A mattress backboard 48 attached to the platform 14 near the platform head serves as a stop to prevent the mattress 30 from sliding down past the backboard 48 when the bed 10 is in the raised position (FIG. 10). Straps (not shown) help secure the mattress 30 to the platform 14.

Cosmetic side and foot covering panels 22, 24 snap onto and add some structural integrity to the mattress platform 14. The covering panels 22, 24 may be affixed to the sides and the foot respectively of the mattress platform 14 in any suitable manner, preferably by an interference fit. The covering panels 22, 24 can be changed by the bed owner when a change in déor is desired.

The mechanism that allows the platform 14 to be raised and lowered is conventional in design, and may comprise springs or struts.

In a key feature of the invention, the leg panels 16 are hingedly attached to the platform 14 as best shown in FIGS. 5-7. Each leg panel 16 swings outward against the platform 14 when the bed 10 is stowed in a vertical position. When the bed 10 is in the lowered, horizontal position the leg panels 16 pivot inward, away from the platform sides and lock at a 90 degree angle to the platform 14 to bear the weight of the platform 14. Preferably the leg panels extend at least half the length of the mattress platform 14 as shown in FIG. 14. In the lowered position shown in FIGS. 1, 8, 9, 13 and 14 the leg panels 16 are recessed under the mattress platform 14 to give the platform 14 an attractive floating appearance.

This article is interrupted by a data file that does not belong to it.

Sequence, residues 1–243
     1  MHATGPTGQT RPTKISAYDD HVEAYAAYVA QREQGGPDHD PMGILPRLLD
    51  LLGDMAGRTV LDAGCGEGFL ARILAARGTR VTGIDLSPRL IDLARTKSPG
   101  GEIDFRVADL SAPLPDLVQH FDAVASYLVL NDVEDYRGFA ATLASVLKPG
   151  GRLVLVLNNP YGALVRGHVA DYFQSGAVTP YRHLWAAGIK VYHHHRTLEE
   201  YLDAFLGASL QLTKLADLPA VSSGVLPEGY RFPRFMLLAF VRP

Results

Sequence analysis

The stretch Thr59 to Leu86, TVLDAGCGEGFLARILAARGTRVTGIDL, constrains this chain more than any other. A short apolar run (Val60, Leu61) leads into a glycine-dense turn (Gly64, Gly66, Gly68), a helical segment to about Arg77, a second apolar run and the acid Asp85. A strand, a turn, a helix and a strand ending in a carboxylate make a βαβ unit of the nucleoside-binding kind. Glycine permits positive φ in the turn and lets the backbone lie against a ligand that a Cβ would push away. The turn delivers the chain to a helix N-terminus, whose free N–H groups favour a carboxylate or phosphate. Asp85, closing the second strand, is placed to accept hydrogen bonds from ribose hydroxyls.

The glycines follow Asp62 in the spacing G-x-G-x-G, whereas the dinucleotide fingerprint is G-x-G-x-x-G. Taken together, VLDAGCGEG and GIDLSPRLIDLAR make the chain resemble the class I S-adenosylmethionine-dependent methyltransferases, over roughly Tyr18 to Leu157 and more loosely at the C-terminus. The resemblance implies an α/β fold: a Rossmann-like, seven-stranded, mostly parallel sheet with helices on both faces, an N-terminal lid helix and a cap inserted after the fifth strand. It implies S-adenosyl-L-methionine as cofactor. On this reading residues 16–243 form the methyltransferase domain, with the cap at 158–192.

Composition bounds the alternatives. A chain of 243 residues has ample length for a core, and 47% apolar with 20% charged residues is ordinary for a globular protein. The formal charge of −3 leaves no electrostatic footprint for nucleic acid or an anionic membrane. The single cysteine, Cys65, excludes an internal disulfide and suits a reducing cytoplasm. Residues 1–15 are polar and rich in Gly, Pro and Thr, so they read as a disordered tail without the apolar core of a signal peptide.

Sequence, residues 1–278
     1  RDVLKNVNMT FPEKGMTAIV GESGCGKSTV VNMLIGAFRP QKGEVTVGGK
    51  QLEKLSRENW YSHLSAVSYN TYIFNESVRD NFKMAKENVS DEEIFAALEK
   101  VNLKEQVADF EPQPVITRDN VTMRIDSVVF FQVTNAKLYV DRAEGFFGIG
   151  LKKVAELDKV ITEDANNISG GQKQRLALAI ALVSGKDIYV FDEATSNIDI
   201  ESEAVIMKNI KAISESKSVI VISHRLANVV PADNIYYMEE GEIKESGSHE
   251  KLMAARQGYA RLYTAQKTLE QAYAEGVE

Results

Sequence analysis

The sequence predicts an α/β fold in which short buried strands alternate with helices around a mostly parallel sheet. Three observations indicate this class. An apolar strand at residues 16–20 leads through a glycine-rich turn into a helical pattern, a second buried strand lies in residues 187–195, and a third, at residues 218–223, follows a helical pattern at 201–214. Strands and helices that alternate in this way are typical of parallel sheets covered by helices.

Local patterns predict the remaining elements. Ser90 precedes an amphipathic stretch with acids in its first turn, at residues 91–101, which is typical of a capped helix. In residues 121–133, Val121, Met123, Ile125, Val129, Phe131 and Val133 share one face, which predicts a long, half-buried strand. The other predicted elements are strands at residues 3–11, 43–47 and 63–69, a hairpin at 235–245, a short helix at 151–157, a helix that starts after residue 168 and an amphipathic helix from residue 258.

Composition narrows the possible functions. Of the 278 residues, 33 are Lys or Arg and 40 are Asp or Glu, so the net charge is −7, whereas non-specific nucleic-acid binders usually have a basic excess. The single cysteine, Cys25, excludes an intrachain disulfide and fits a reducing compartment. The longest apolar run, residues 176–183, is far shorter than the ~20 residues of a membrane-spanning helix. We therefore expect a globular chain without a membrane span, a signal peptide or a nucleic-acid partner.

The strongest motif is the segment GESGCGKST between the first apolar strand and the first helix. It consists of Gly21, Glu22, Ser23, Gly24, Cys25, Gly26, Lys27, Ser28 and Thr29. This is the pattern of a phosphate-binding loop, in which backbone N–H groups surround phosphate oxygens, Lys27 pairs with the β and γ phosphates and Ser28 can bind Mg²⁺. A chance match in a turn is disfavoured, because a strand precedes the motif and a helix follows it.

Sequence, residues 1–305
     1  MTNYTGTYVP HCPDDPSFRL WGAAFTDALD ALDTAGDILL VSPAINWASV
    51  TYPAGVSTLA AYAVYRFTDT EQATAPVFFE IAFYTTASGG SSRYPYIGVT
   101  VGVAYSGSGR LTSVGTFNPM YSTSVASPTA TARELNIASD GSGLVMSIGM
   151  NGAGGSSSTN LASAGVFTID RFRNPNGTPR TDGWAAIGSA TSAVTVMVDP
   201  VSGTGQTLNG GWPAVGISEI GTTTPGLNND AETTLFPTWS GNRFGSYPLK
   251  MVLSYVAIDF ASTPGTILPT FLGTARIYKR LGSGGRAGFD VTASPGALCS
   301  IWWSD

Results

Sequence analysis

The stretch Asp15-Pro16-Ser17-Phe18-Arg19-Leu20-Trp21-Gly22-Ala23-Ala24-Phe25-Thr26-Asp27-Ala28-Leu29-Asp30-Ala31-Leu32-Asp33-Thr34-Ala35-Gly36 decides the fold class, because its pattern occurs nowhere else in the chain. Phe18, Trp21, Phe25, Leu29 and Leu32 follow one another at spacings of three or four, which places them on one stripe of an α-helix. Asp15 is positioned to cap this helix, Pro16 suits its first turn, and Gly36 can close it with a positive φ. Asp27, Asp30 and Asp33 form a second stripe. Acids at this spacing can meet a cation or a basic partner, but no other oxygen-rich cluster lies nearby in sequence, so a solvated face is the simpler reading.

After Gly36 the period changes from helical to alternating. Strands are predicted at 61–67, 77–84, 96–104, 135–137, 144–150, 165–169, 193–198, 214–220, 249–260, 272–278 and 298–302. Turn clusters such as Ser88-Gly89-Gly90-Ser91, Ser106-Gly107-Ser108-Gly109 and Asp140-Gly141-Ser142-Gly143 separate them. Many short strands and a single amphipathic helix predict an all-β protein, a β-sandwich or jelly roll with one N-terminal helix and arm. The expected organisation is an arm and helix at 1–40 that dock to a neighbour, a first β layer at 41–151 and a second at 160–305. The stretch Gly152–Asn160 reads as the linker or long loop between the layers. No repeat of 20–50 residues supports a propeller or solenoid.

In another key feature of the invention, the headboard 18 is slidably mounted on parallel horizontal rails 20 affixed to the base horizontal panel 37. FIGS. 5-8 and 10-13 show the rearward position of the headboard 18 when the bed 10 is stored. When the bed 10 is first pulled down the headboard 18 remains in a rearward position as shown in FIG. 12. The headboard 18 can then be manually slid forward toward the mattress 30 to provide a more traditional bed look, as shown in FIG. 14. When the headboard 18 is slid forward it is separated from the mattress by a small gap of about a few inches. Before raising the bed 10, the headboard must be slid rearward on the rails 20.

As best shown in FIG. 9, the headboard 18 can include storage space within the headboard 18 that is accessed through a hinged top panel 19. The headboard depth can be increased to accommodate larger items such as pillows and quilts.

It is to be understood that the embodiments of the invention described above are only particular examples which serve to illustrate the principles of the invention. Modifications and alternative embodiments of the invention are contemplated which do not depart from the scope of the invention as defined by the foregoing teachings and appended claims. It is intended that the claims cover all such modifications and alternative embodiments that fall within their scope.

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Referenced by
Citing PatentFiling datePublication dateApplicantTitle
WO2011128058A1 *Apr 11, 2011Oct 20, 2011Clei S.R.L.Pull-down bed assembly
Classifications
U.S. Classification5/136, 5/160, 5/162
International ClassificationA47C17/38, A47C17/52
Cooperative ClassificationA47C17/38
European ClassificationA47C17/38
Legal Events
DateCodeEventDescription
Jun 19, 2011LAPSLapse for failure to pay maintenance fees
Jan 24, 2011REMIMaintenance fee reminder mailed
Aug 16, 2006ASAssignment
Owner name: TEDBED COMPANY, ILLINOIS
Free format text: ASSIGNMENT OF ASSIGNORS INTEREST;ASSIGNOR:RUCINSKI, THADEUS;REEL/FRAME:018117/0829
Effective date: 20060816
Free format text: ASSIGNMENT OF ASSIGNORS INTEREST;ASSIGNOR:PETERS, LAURA A;REEL/FRAME:018117/0855
Effective date: 20060605
Free format text: ASSIGNMENT OF ASSIGNORS INTEREST;ASSIGNOR:ZYWICA, MATTHEW;REEL/FRAME:018117/0908
Effective date: 20060808